For around-the-clock pet care, consider dropping your pet off at a boarding facility, kennel or pet hotel. Many facilities require some advance notice, and how much comfort, coddling and individualized attention your pet receives is dependent on how much you’re willing to spend. Walks and playtime, for example, usually cost extra.

If you’re nervous about leaving your pet at a boarding facility for the first time, consider testing the waters with daycare or even a one-night trial. Make sure to ask about any specials, as facilities sometimes offer discounts to new customers.

Most facilities require proof that your pet is up to date on their vaccinations, and you’ll most likely need to provide your own pet food and any needed medications. Ask if you can bring something from home, like a toy or comfy bed, to help give your pet some extra comfort in their new environment!

Our essential pet sitter checklist

Whether you decide to use an in-home pet sitter, a drop-in visitor or a boarding facility, a checklist is essential. Your list might include information such as:

  • The type and brand of food your pet typically eats. Don’t forget to include any approved treats and to have enough food!
  • Any known allergies or sensitivities.
  • Your pet’s walking schedule or exercise routine.
  • Your contact information, which should also be included on your pet’s ID tag.
  • Toys that are safe for your pet to play with — and which toys are their favorite!
  • Any medication(s) your pet takes daily or as needed.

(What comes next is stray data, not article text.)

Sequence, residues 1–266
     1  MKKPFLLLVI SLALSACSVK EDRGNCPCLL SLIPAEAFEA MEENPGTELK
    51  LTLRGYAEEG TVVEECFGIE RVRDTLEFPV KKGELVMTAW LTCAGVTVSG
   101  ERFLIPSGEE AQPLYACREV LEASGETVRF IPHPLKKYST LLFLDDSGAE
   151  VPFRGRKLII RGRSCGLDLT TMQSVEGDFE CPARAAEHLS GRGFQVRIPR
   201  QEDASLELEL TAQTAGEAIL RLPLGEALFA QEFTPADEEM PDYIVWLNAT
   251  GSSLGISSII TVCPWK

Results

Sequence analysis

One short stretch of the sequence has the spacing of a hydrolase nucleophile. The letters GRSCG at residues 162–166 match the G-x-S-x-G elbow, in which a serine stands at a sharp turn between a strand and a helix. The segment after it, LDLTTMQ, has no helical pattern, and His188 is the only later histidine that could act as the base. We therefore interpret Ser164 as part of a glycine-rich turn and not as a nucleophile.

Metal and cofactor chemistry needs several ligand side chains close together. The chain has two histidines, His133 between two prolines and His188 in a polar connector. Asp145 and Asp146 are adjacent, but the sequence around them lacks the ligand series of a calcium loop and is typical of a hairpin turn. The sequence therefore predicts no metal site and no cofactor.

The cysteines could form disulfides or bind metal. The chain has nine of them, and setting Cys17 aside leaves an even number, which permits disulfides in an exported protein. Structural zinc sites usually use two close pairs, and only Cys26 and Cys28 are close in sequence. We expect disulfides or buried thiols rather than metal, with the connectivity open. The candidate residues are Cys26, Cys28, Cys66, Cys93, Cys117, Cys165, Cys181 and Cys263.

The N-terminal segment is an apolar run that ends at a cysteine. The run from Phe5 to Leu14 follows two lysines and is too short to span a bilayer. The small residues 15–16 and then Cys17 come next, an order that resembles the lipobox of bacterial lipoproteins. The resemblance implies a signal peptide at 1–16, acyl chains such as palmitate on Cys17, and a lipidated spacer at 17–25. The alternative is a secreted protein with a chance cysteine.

• Any health or behavioral concerns.
  • Emergency info including your vet’s name, address and phone number, along with proof of pet health insurance if applicable.

This type of information is vital to have on hand for any pet care professional, so that your pet receives proper care and treatment in the event of an emergency.

Since we’re usually out of contact or hard to reach while travelling, it's also important to protect your pet by having this information clear and readily available.

Bone voyage!

When you can leave your pet in the hands of someone you trust, you can truly relax and make the most of your vacay. From all of us at State Farm®, we wish you a safe and happy journey on your next adventure!

Discover how a pet insurance policy can help provide comfort no matter where life takes you and your pet.

Terms and conditions do apply. We love informed decisions. See the Trupanion policy for full coverage details.

Pet insurance products are underwritten in the United States by American Pet Insurance Company and ZPIC Insurance Company, 6100-4th Ave. S, Seattle, WA 98108. Administered by Trupanion Managers USA, Inc. (CA license No. 0G22803, NPN 9588590). Terms and conditions apply, see full policy on Trupanion's website for details.

State Farm Mutual Automobile Insurance Company, its subsidiaries and affiliates, neither offer nor are financially responsible for pet insurance products. State Farm is a separate entity and is not affiliated with Trupanion or American Pet Insurance.

The information in this article was obtained from various sources not associated with State Farm® (including State Farm Mutual Automobile Insurance Company and its subsidiaries and affiliates). While we believe it to be reliable and accurate, we do not warrant the accuracy or reliability of the information. State Farm is not responsible for, and does not endorse or approve, either implicitly or explicitly, the content of any third party sites that might be hyperlinked from this page. The information is not intended to replace manuals, instructions or information provided by a manufacturer or the advice of a qualified professional, or to affect coverage under any applicable insurance policy. These suggestions are not a complete list of every loss control measure. State Farm makes no guarantees of results from use of this information.